While I inch my way to work in heavy traffic withdrawn into a somber, brooding mood, my straying eye catches a glimpse of surreal catlike creatures: mysterious lemon green mouths, huge bright red grins baring ferocious purple teeth. Vicious orange eyes, yellow surrounding enigmatic black, elliptical, immovably staring.
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River Cats - Susanne Olson

Hairy tufts atop the spear-like ears, shaggy paws extending into deadly scythes. Enchanted realm of freakish monsters, fairyland of feline sorcerers. Floodgates, technical inventions, mechanical means of draining water from the fields into the river, saving homes and barns from rainy seasons' devastation. Ugly iron doors, practical and purposeful, not designed to please the eye. Yet, transfigured by the artist's genius,

they surprise my dreary, struggling mind, transform ill humor into wonderment, the surly mien into an unbelieving smile. Thankful to the kind magician, I face the day with joy, instead of anger.

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I hitchhiked to Reno the first time I came west, then I caught a ride on a slow freight. It was spring and the aspens were turning yellow as we crossed the SierraNevada Mountains. Everything was bursting into bloom and I knew my life was going to be different, that I was going to open up to experience in new ways. There was something magical waiting for me in the Golden Land, and I waved at people wearing red and green lumberjack shirts as I passed through little towns like Truckee and Emigrant Gap and they waved back madly. I sat there in that boxcar, my legs dangling over the side like a dipsy doodle as the train swooped down into the Great Central Valley. We crossed a huge elevated trestle west of Sacramento. Down below, the rice paddies were flooded, and you could see the clouds reflected in the water like great finger paintings. It was dusk when the train pulled into San Francisco. Neon signs winked on across the city as if they were welcoming me, and I did a little dance, jumping up into the air and clicking my heels together like a beat Charlie Chaplin, as I skipped across the railroad yard in the purple twilight. I knew I was finally home.
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The Hitchhiker - Arthur Winfield Knight

Pictures of a Pretty Baby Boy - Tara Arlene Innmon The mother stands shivering at the entrance Greeting each with a hug I shake the young father's hand Parents for five days The casket white closed Small like a bread box Priest incense singing about a little child The mother shows off pictures of her pretty baby boy Tubes through his nose, arms, chest Smiling she says She will go home Shut the door Between herself And the empty nursery.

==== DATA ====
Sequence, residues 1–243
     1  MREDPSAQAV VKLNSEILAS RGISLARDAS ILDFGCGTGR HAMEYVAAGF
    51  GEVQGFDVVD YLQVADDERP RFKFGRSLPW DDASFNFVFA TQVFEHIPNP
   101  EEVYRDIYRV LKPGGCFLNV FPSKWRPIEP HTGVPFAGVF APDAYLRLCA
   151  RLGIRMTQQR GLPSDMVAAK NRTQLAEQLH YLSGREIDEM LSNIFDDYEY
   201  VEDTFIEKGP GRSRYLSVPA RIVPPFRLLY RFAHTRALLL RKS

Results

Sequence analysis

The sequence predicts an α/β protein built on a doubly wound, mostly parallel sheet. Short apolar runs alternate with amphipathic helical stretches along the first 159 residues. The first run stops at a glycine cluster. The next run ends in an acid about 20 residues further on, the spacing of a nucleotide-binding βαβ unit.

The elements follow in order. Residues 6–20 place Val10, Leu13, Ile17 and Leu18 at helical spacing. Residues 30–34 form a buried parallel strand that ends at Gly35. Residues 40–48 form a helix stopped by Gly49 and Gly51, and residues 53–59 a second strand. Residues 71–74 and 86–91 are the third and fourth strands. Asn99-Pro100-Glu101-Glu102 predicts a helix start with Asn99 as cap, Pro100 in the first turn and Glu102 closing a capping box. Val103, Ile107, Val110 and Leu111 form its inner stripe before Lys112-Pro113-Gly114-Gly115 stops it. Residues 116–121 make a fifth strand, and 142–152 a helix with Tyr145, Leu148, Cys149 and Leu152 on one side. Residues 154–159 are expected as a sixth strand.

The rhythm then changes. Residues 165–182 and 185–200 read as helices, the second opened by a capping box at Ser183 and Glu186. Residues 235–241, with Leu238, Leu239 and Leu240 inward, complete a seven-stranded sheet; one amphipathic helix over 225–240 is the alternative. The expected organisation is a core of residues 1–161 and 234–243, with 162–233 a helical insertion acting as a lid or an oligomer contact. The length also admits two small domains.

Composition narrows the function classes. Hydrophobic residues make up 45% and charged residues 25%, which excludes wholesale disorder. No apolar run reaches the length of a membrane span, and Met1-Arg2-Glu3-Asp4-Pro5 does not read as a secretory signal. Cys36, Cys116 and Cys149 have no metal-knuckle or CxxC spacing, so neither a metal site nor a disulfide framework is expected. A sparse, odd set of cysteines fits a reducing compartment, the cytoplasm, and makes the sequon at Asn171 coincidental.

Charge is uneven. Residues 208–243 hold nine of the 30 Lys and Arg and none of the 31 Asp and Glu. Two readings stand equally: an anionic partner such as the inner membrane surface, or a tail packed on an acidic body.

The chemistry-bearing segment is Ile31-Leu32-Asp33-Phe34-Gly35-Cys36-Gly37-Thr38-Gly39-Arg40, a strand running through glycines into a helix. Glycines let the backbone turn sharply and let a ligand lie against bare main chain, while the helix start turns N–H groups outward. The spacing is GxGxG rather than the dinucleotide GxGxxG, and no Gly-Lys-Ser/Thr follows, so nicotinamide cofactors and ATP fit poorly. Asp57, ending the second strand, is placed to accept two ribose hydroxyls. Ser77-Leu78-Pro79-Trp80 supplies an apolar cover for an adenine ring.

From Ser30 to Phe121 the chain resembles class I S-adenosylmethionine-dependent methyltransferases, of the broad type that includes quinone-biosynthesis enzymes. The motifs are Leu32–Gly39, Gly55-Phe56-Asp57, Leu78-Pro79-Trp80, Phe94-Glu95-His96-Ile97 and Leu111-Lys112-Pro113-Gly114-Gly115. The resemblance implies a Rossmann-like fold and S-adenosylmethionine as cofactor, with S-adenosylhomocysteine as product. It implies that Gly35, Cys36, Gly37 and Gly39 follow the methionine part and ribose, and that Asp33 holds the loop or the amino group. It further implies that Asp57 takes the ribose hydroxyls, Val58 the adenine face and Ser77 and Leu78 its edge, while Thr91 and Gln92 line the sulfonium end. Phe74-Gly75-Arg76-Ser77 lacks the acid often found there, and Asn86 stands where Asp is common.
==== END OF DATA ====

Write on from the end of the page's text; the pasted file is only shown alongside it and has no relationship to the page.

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I'm given a way to duplicate, though to an unknown scale, the scene in some forgotten movie where the sticks-in-the-mud untangle the paper streamers from their hair and turn enviously away from the derisive horn of the liner their venturesome friends are bound for The Continent on to trudge more bravely than they will ever be able to imagine themselves home. I'm guessing the whole thing would be in, say, 1937. My version's set on a levee, me hunkered down in the mud while a honeysuckle heaven hanging on a barbed-wire fence scrubs with an old rag of next-to-no breeze the dirt from the river's squirming undertow.
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Farewell to Blues - Paul Grant

One of the last of the old ones is paddling by, and some antiquated player with an antique horn is building the bridge in the Tin Roof Blues the length of the trench down the middle of the black

fuse sparkling its way south to the deep brown sea. Nobody knows the trouble it’s seen, or careless love would still be doing the same sweet nasty to just about everyone. But hey, nobody's going anyplace but over Jordan, and that not yet. Just give us a pig's foot and a bottle of beer apiece, and let's us listen to the frog-town shuffle that keeps the full moon full.

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As Simple As That - Albert Huffstickler Some plants root from cuttings But sometimes when you take a cutting and put it in the ground, it will suddenly start to bloom and will sprout few if any roots. And sometimes after it blooms, it will die because it has no roots to feed it: everything it had was spent in bringing that flower to life. And this is a metaphor that not everyone will understand: the bloomers will probably understand it, and the rooters will probably not.
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From Bad News Bingo, Garden Issue 2001

ISSN 0197-4777

published 11 times a year since 1979 very limited printing by Ten Penny Players, Inc.
(a 501c3 not for profit corporation)

$2.50 an issue